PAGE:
Learning and actively using a second language, whether done from childhood or later in life, can not only improve language processing but benefit the brain in a more general sense. In a study published in January of 2015 entitled Effects of Bilingualism on the White Matter Structure of the Brain, it was found that active bilinguals (those who regularly use both a first and second language) had higher fractional anisotropy values (structural differences) in white matter tracts that are linked to language processing.
It was also found that bilingualism has cognitive benefits beyond just language processing, specifically in regards to executive functioning, which corresponds to things like memory, reasoning, task flexibility, problem solving, and planning. These numerous benefits are accompanied by, and possibly related to, clearly seen structural changes in the brain, such as fiber density, axonal diameter, and myelination (the creation of fatty tissues around the neuron), which all are critical to the proper functioning of the nervous system. These dynamic effects on white matter structure result in a sort of cognitive reserve, helping to preserve white matter integrity in older age.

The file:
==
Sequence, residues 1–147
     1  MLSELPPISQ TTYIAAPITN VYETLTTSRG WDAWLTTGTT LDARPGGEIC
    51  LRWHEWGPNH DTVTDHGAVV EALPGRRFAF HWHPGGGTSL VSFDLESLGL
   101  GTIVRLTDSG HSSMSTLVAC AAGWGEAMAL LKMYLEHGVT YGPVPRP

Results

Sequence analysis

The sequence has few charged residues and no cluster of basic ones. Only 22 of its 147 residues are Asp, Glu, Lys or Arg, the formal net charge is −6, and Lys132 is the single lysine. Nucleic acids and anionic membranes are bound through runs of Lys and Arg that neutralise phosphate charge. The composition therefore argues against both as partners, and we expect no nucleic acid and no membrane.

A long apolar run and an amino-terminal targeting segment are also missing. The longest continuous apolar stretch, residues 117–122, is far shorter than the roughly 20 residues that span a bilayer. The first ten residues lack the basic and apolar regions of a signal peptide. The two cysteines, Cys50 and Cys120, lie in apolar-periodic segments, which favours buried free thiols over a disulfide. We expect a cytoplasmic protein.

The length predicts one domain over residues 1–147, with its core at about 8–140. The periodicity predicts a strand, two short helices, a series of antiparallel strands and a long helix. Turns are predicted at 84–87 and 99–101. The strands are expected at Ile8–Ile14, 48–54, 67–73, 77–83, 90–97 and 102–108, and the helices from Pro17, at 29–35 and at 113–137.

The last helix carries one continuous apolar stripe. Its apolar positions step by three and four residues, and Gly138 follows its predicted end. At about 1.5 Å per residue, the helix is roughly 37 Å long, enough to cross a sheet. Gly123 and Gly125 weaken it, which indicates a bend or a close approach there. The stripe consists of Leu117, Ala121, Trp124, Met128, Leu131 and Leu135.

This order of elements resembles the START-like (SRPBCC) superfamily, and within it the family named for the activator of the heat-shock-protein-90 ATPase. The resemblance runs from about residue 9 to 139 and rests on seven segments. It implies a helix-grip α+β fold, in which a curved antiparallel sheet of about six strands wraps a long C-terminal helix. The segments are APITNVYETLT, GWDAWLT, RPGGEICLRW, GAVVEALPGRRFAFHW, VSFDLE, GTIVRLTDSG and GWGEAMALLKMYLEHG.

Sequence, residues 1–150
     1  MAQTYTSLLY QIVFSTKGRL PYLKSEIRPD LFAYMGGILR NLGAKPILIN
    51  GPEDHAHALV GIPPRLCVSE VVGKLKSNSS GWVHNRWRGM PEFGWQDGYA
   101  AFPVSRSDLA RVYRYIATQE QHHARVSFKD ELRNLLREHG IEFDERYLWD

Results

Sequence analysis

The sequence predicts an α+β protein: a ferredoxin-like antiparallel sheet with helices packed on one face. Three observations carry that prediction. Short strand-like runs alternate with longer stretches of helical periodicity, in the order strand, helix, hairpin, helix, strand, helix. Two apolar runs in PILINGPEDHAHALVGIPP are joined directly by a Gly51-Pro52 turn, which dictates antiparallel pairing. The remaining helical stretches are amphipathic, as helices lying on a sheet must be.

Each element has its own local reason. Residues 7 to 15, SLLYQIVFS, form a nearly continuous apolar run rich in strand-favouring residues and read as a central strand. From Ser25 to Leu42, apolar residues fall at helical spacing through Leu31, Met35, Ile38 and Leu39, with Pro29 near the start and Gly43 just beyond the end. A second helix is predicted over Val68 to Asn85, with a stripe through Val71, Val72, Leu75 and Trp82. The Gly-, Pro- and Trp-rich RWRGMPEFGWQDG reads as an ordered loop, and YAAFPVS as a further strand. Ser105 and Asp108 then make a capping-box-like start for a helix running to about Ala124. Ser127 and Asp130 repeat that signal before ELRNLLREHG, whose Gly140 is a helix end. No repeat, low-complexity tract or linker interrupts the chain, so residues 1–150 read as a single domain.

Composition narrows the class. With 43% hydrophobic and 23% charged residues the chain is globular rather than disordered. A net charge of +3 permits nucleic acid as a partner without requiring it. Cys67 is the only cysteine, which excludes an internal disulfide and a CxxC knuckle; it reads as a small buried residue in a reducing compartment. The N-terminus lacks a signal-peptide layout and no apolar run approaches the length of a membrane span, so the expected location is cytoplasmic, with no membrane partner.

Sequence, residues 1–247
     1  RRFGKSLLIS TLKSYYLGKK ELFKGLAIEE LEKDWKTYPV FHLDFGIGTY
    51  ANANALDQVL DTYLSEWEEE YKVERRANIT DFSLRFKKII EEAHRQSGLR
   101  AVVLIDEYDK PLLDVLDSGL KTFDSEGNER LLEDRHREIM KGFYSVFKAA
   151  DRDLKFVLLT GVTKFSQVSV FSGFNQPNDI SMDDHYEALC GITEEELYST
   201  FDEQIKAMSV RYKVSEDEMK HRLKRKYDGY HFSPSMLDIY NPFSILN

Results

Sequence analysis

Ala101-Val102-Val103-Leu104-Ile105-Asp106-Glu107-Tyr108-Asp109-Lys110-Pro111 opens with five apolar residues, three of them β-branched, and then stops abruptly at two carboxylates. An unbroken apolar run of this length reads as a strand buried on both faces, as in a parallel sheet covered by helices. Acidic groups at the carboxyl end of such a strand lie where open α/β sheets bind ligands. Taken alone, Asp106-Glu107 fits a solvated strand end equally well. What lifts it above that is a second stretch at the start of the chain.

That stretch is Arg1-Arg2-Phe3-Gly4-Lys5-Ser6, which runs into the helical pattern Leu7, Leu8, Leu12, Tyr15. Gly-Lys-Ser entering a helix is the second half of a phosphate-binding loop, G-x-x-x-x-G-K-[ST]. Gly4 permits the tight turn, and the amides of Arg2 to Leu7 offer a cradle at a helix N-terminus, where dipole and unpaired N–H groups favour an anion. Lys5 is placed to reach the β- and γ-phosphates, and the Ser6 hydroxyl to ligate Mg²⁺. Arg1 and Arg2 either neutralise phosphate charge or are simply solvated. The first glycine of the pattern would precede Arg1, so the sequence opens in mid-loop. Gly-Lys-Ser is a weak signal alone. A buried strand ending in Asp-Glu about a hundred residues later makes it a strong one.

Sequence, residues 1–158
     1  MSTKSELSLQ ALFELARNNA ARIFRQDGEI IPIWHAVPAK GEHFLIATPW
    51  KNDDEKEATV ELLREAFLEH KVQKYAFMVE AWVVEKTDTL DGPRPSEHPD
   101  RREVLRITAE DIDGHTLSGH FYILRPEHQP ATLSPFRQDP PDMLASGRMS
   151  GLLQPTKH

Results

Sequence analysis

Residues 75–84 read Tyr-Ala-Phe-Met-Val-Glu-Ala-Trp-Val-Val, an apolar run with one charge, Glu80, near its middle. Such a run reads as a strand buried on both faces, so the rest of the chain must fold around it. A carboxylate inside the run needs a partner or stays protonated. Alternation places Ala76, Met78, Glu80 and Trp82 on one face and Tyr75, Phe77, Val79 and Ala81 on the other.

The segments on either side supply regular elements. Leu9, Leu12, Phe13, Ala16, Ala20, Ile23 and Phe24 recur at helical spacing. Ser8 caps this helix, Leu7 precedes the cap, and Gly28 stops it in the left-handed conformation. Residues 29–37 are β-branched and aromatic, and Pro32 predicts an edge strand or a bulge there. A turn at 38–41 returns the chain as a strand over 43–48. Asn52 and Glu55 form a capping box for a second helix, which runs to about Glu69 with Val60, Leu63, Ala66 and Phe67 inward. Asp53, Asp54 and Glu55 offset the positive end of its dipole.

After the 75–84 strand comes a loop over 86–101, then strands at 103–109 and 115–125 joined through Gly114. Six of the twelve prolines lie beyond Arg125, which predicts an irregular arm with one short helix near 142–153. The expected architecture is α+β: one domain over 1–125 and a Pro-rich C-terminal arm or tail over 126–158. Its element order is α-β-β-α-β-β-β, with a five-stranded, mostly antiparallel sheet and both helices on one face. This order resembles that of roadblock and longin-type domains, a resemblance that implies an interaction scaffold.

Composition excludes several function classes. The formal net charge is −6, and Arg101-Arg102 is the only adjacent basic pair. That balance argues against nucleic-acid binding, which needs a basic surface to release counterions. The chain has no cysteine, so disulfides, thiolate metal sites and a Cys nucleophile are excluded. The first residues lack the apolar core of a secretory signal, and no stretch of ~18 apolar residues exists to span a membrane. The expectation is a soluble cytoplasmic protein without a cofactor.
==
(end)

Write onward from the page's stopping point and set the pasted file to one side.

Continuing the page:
Although there is currently no direct causal link between enhanced cognitive functioning and active bilingualism, there is consistent positive correlation. These findings did not vary across age or length of time learning a second language, but by the level of dual language immersion experienced. Overall, the study concludes that actively using two or more languages every day can change brain structure for the better and produce lasting effects in cognitive function later in life.
The full study can be read at http://www.pnas.org/content/112/5/1334.full